Ancient tomb remains a mystery

09:22, January 06, 2010      

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The question of how to verify the authenticity of historic remains believed to be that of Chinese warlord Cao Cao remains unanswered even after DNA tests were considered but were not done because they were deemed useless.

The remains, excavated since 2008 in Anyang, Central China's Henan Province, are a source of intrigue.

A large tomb complex with 1800 years of history was dug up in 2008, and officials from the cultural relics administration of Henan Province said Sunday that the tomb most likely belonged to Cao Cao because the words "King Wu of Wei," which some believe to be Cao's title, were found among the markers. Some bones were also found in that tomb.

Cao, who was born in 155 and died in 220, was a warlord and chancellor in the Eastern Han Dynasty (25 to 220 AD) who rose to power during the dynasty's final years. Cao was portrayed as a cruel and merciless tyrant, but was also praised as a brilliant ruler and military genius.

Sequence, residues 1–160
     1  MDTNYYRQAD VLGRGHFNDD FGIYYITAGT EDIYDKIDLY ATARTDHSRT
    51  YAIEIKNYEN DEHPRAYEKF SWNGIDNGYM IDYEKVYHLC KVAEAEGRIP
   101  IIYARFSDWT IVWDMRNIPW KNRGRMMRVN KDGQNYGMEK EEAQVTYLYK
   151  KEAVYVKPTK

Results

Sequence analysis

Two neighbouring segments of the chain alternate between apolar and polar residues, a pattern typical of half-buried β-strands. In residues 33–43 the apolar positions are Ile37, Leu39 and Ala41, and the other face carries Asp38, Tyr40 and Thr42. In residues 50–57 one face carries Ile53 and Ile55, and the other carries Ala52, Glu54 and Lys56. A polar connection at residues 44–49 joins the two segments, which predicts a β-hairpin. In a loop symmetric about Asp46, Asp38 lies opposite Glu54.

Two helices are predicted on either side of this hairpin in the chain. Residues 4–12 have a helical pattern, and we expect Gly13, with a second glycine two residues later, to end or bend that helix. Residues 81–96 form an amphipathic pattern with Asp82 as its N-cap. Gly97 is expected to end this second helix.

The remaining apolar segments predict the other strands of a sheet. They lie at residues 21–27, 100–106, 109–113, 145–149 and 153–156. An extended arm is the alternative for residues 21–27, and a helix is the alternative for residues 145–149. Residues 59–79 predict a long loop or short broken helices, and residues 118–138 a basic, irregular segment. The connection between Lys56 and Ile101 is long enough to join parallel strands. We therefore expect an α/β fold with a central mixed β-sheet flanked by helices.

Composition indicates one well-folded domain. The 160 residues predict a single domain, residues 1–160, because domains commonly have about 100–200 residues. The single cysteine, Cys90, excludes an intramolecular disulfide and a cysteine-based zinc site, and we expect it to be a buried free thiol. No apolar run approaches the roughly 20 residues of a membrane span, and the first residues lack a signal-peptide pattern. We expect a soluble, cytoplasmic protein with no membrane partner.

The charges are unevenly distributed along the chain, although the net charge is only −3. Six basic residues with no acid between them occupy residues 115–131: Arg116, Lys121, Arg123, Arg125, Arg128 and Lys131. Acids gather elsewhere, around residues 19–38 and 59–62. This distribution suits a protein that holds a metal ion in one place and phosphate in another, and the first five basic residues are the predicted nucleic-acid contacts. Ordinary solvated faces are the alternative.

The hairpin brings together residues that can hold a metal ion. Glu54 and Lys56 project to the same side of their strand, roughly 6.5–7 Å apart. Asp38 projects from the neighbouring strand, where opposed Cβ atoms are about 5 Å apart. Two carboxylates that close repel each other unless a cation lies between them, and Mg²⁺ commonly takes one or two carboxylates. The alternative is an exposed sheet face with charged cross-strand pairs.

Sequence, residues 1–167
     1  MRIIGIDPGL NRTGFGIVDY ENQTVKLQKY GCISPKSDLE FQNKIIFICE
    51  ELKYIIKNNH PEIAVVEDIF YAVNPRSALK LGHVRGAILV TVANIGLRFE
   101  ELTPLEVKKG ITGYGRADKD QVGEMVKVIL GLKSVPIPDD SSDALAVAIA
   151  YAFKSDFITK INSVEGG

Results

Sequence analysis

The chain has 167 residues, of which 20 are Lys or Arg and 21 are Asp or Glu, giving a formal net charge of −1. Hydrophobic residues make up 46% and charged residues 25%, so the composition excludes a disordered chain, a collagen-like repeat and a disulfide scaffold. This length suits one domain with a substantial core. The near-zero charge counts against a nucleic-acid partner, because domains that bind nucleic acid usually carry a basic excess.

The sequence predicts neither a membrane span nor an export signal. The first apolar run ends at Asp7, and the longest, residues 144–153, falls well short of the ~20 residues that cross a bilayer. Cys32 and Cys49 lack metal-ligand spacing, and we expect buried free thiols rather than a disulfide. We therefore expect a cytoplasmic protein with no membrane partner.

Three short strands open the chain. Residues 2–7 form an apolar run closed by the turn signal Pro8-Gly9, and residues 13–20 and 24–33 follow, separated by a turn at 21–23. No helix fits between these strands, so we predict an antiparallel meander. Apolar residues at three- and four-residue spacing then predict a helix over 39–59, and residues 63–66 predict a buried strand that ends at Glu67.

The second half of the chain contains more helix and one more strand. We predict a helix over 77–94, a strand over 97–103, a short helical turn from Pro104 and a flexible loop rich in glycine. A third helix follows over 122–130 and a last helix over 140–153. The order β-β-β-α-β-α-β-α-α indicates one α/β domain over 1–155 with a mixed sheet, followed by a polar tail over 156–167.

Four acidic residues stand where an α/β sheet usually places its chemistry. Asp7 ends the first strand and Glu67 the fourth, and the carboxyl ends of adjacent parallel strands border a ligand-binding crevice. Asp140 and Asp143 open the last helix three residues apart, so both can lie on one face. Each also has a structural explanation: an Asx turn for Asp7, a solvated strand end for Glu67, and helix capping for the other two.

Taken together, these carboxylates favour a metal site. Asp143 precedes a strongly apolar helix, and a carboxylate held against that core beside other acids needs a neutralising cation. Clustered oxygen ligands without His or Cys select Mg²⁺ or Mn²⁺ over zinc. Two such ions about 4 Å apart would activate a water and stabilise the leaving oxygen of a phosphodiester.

More than 250 articles made of gold, silver and pottery were unearthed from the 740-square-meter tomb, a size appropriate for a king, Zhengzhou Evening News reported on December 28, 2009.

The position of the tomb is in line with historical recordings and ancient books from Cao Cao's time, the report said.

While the location of Cao's tomb is still a mystery, that of his son, Cao Zhi, triggers less controversy. There are four to five tombs believed to belong to Cao Zhi, and scholars believe in the authenticity of the one found in Yushan, Shandong Province in 1951.

Many archaeologists and Internet users expressed doubt at the announcement of Anyang tomb to be Cao Cao's.

Some of them suggested they compare the DNA with the bones found in Anyang, with that of his son.
However, Liu Yuxin, a local officer in charge of Cao Zhi's tomb, said the 28 bones of the son were lost in the 1950's, Shandong Business Daily reported.
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